What so interests me about London’s Overthrow, though, is the photography.  This book quietly echoes Robert Frank’s 1958 book of photographs The Americans in the way in which it uses a fresh, subjective aesthetic to serve as cultural criticism and, I would argue, a kind of ethical stance.  In the absence of any photo credit, I can only assume that Miéville himself is the author of the photographs.  But regardless of source, these photographs match his essay tone for tone.  They are often badly lit, hastily composed, blurry images filled with bleeding colors and impenetrable shadows. They speak of our experience of things, not of things in and of themselves.  In these photographs, light becomes gestural and the city can’t seem to sit still – even for a hundredth of a second.   The way in which Miéville’s photographs describe the world – or, more accurately, fail to describe and catalog the world in full and utter detail – suggests that the highest authenticity is located within his gut reaction.  This is documentary photography as polemic, an imagery born of new technologies that, ironically, make it possible to turn back the clock in terms of the history of image-making.  As Miéville says near the start of London’s Overthrow:

There’s been a revolution in remembrance.  Digital photography’s democratised the night-shoot.  One touch at the end of a sleepy phone call on your way home, you can freeze the halo from streetlamps, the occluded moon, night buses, cocoons shaking through brick cuts, past all-night shops.  Right there in your pocket, a little memory of now.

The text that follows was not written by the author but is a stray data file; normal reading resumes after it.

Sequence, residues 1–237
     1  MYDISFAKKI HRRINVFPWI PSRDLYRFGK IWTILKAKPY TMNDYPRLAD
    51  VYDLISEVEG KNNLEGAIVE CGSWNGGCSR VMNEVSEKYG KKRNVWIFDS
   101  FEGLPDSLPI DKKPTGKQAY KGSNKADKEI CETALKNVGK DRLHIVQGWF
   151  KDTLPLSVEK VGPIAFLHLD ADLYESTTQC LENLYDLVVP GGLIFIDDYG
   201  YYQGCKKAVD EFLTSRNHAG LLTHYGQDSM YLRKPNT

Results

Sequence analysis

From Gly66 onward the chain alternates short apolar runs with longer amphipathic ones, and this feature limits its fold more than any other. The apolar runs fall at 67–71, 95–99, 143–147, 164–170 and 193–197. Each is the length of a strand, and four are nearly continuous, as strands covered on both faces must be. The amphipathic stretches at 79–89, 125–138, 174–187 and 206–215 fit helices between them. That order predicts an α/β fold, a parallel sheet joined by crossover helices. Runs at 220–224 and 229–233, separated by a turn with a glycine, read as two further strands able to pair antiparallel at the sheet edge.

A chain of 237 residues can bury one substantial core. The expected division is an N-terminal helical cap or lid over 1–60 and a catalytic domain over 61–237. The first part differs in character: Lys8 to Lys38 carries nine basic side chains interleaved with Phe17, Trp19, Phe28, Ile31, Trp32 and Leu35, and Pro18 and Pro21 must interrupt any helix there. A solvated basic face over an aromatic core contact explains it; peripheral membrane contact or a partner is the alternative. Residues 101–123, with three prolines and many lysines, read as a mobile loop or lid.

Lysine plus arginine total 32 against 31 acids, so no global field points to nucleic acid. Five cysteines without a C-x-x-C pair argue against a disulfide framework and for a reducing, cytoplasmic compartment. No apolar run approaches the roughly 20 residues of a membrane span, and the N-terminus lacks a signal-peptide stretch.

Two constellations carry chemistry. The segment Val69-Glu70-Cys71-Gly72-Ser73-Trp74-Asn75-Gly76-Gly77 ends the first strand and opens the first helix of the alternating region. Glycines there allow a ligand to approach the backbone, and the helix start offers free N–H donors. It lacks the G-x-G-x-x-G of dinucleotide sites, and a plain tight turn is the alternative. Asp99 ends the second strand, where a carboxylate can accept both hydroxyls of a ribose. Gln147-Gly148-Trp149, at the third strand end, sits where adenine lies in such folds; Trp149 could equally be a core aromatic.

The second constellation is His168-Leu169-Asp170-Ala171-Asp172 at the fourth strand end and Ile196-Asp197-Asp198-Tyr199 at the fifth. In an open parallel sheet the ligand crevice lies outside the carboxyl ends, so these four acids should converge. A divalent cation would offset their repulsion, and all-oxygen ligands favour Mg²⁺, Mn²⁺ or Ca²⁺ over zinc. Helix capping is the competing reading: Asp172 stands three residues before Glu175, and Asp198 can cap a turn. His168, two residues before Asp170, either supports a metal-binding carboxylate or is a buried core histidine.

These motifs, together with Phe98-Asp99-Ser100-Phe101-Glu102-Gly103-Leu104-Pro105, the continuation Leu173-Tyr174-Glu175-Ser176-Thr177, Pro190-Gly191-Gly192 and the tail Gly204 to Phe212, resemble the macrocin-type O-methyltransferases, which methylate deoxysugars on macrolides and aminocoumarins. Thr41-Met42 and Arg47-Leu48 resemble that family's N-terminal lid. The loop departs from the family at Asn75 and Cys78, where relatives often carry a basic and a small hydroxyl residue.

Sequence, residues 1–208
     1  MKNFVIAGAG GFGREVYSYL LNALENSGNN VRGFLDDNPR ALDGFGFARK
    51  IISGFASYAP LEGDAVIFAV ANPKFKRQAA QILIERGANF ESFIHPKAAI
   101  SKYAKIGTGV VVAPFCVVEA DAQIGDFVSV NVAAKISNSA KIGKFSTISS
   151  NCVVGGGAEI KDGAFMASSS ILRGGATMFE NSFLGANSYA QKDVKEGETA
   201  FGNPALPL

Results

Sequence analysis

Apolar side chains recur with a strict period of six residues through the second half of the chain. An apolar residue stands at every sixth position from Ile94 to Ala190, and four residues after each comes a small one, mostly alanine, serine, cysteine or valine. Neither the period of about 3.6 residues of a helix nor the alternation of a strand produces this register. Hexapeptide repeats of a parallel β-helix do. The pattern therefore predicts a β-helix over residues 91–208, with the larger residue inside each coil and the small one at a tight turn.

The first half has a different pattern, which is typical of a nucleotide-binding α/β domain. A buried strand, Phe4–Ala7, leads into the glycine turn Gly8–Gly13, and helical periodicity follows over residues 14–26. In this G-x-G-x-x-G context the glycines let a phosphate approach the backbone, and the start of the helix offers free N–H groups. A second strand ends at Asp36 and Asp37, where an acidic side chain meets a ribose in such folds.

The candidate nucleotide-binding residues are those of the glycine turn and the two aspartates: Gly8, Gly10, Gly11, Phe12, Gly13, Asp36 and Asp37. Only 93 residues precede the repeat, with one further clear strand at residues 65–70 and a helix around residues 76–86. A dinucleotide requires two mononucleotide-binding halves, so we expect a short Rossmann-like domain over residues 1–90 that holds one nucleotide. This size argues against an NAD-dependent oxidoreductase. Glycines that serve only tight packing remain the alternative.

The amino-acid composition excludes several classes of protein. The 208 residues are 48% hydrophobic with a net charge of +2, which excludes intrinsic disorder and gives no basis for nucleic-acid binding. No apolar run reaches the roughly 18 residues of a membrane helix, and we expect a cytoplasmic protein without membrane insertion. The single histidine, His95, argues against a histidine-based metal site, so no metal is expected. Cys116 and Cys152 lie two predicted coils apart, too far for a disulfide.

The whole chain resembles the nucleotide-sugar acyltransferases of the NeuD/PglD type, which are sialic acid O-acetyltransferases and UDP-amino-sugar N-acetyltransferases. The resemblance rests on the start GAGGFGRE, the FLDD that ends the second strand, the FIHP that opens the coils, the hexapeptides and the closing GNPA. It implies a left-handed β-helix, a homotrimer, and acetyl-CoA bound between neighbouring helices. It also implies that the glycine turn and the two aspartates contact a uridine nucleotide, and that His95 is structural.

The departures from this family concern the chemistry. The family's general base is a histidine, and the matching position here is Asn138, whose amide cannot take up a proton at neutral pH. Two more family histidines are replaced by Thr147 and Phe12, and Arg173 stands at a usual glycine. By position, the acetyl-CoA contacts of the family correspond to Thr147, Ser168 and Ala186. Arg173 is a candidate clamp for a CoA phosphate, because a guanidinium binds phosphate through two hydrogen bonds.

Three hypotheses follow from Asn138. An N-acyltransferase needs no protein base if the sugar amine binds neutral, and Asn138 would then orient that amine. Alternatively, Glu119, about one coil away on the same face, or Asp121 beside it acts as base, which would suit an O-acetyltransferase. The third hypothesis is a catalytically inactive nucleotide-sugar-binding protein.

But wait, there’s more!  In August, along came iteration three of London’s Overthrow, and it’s the best version of the lot.  It’s a small softcover publication on paper that is just a step up from newsprint.  It suggests the production values of a religious or political tract, which it is.  The reproduction quality is wonderfully downmarket and suitably degraded from the luscious saturation and sheen of their bright, glowing cousins on the web version as viewed on a monitor.   The photographs now have a slightly bleached-out look that feels completely right for Miéville’s “diagnostic snapshots.”  As we see daily, the cellphone camera is the new weapon of choice.  In the Westbourne Press version, the text and the photographs are totally in synch, offering an alternative vision more aligned with the “CGI end-times porn”that Miéville sees all around.  And unlike the website, the book ends with a new photo-coda, a a final, new sequence of five pale, almost mono-colored, indistinct images that sends the reader off wordlessly on an indefinable journey.  This is a book you can jam into your pocket as you head out into the night.


The book’s title, by the way, comes from an eponymous pen and ink drawing by Jonathan Martin, the brother of the British artist John Martin.  “In 1829, obeying the Godly edict he could hear clearly, Jonathan set York Minster alight and watched it burn” and spent the rest of his life in Bedlam, London’s hospital for the insane.